No preview · Article · Mar 2011 · Medical Physics
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    M Fernandez · JF Adam · F Estève · H Elleaume

    Full-text · Article · Jan 2011

  • No preview · Article · Jan 2011 · Medical Physics
  • H Elleaume · J Rousseau · J-F Adam · F Estève

    No preview · Article · Dec 2010 · Cancer/Radiothérapie
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    ABSTRACT: Radiation therapy is commonly used in the treatment of cancer. The normal tissue tolerance can be a limit to deliver enough dose to the tumor to be curative. The synchrotron beam presents some interesting physical properties, which could decrease this limitation. Synchrotron beam is a medium energy X-ray nearly parallel beam with high intensity. Three methods are under preclinical investigations: the microbeam, the minibeam and the stereotactic radiotherapy. The first two use a geometric irradiation effect called spatial fractioning. The last one use highly conformational irradiation geometry combined with a dose enhancement due to the presence of high-Z element in the target. Synchrotron radiotherapy preclinical experiments have shown some curative effect on rodent glioma models. Following these encouraging results a phase I/II clinical trial of iodinated enhanced stereotactic synchrotron radiotherapy is currently being prepared at the European Synchrotron Radiation Facility.
    No preview · Article · Aug 2010 · La Revue de Médecine Interne
  • [Show abstract] [Hide abstract]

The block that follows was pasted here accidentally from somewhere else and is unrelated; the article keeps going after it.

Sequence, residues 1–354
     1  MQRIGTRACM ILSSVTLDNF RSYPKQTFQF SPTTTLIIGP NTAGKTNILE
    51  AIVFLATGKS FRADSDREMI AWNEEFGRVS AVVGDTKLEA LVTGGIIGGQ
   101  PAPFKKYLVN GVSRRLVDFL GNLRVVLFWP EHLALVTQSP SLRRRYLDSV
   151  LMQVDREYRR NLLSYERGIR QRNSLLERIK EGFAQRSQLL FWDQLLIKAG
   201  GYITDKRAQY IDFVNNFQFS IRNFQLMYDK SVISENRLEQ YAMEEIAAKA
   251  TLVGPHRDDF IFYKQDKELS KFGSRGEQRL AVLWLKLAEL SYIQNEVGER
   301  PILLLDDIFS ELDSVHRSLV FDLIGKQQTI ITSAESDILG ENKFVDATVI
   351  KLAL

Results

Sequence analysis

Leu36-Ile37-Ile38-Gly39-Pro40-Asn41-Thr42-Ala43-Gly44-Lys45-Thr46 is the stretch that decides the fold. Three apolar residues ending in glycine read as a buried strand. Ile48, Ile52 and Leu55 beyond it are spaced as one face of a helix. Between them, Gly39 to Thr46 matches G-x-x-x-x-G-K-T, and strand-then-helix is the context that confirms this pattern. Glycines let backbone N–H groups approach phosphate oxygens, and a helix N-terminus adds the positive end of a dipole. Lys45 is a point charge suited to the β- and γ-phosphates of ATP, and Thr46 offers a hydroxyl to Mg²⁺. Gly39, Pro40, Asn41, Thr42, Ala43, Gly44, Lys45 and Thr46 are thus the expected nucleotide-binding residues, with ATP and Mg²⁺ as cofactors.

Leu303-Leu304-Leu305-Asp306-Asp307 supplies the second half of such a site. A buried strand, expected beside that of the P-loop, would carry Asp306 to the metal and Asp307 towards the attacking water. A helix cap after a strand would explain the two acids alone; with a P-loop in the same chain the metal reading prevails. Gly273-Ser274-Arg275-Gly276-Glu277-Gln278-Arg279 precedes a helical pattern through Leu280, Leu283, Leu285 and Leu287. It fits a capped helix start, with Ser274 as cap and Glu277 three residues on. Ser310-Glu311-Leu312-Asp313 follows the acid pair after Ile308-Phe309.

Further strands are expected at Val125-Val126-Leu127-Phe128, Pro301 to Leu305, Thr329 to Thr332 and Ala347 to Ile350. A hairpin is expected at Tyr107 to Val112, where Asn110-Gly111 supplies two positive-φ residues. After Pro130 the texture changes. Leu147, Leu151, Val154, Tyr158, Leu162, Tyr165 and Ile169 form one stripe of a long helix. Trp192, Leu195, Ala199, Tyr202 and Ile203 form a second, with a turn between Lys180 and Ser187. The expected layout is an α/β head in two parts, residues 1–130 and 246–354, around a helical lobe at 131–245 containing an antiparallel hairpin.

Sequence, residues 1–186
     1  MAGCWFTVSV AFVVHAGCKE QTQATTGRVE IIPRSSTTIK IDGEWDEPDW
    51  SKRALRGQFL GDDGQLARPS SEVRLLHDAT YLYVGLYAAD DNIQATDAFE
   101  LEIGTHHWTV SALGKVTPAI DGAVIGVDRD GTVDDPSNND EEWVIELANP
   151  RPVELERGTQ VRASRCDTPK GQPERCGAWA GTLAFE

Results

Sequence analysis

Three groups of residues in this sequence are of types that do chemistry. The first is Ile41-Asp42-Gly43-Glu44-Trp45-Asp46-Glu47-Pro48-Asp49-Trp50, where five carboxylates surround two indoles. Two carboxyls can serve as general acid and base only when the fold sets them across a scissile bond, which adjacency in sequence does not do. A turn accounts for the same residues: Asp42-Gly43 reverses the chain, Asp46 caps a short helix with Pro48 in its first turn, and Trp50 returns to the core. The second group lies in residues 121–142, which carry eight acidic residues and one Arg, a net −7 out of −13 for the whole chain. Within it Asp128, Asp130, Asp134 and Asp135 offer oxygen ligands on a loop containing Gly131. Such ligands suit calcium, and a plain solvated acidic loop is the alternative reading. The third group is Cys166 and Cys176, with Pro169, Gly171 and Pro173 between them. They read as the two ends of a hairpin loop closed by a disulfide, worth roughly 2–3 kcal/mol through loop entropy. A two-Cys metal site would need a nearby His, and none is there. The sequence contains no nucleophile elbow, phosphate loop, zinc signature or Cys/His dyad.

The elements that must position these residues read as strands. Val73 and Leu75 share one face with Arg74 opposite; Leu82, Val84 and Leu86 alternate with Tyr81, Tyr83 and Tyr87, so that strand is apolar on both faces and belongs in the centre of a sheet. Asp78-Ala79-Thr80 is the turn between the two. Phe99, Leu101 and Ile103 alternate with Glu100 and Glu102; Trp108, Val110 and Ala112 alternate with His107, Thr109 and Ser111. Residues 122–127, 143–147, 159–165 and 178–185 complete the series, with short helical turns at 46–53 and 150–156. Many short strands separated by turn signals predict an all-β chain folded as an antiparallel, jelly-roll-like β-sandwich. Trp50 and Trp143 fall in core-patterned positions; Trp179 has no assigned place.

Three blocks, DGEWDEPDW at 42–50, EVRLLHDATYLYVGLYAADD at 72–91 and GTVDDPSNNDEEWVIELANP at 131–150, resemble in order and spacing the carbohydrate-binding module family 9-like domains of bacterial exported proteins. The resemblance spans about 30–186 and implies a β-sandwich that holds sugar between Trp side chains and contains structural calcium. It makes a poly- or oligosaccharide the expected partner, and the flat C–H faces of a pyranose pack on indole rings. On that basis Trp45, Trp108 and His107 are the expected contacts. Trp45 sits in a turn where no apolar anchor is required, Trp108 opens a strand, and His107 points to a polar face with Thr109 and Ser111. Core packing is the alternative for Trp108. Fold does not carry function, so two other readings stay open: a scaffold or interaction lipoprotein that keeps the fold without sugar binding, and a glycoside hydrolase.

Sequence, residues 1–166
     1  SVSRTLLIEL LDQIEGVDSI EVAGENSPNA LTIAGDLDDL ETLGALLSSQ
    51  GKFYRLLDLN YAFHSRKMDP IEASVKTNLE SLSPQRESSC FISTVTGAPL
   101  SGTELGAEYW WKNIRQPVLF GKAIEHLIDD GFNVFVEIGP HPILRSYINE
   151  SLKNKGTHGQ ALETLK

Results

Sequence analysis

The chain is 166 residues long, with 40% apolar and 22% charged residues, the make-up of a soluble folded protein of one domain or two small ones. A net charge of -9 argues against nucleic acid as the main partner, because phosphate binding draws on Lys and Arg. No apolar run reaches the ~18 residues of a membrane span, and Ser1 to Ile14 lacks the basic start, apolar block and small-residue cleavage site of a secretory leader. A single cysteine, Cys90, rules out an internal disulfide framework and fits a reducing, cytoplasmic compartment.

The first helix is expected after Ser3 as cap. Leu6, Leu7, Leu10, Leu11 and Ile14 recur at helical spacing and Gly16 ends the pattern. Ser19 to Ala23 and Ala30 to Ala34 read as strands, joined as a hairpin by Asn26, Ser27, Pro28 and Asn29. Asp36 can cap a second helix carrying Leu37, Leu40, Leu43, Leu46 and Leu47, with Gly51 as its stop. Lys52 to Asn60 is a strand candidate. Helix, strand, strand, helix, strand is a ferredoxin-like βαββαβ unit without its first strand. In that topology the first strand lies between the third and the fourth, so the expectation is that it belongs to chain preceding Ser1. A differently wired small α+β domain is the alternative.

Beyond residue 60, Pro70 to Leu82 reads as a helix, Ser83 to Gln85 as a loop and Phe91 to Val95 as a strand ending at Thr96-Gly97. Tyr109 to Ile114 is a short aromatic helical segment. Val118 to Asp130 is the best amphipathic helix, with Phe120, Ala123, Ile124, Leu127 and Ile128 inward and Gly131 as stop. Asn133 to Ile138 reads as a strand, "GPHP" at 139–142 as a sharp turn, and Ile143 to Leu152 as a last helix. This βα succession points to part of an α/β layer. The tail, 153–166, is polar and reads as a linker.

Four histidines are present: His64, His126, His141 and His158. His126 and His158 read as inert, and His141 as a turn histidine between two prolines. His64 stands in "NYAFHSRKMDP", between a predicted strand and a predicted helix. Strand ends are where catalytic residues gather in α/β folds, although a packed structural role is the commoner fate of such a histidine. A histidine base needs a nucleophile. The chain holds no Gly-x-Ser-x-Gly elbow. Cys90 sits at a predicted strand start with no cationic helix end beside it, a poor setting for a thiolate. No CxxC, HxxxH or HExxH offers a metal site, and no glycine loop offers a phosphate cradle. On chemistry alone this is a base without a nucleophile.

ABSTRACT: Radiation therapy is commonly used in the treatment of cancer. The normal tissue tolerance can be a limit to deliver enough dose to the tumor to be curative. The synchrotron beam presents some interesting physical properties, which could decrease this limitation. Synchrotron beam is a medium energy X-ray nearly parallel beam with high intensity. Three methods are under preclinical investigations: the microbeam, the minibeam and the stereotactic radiotherapy. The first two use a geometric irradiation effect called spatial fractioning. The last one use highly conformational irradiation geometry combined with a dose enhancement due to the presence of high-Z element in the target. Synchrotron radiotherapy preclinical experiments have shown some curative effect on rodent glioma models. Following these encouraging results a phase I/II clinical trial of iodinated enhanced stereotactic synchrotron radiotherapy is currently being prepared at the European Synchrotron Radiation Facility.
    No preview · Article · Aug 2010 · La Revue de Médecine Interne

Publication Stats

1k Citations
171.59 Total Impact Points

Institutions

  • 2012-2015
    • University of Grenoble
      Grenoble, Rhône-Alpes, France
  • 1999-2014
    • Centre Hospitalier Universitaire de Grenoble
      Grenoble, Rhône-Alpes, France
  • 2004-2013
    • University Joseph Fourier - Grenoble 1
      • Grenoble Institut des Neurosciences
      Grenoble, Rhône-Alpes, France
  • 2008-2011
    • European Synchrotron Radiation Facility
      • Division of Experiments
      Grenoble, Rhône-Alpes, France
    • French Institute of Health and Medical Research
      Lutetia Parisorum, Île-de-France, France
  • 1997
    • Unité Inserm U1077
      Caen, Lower Normandy, France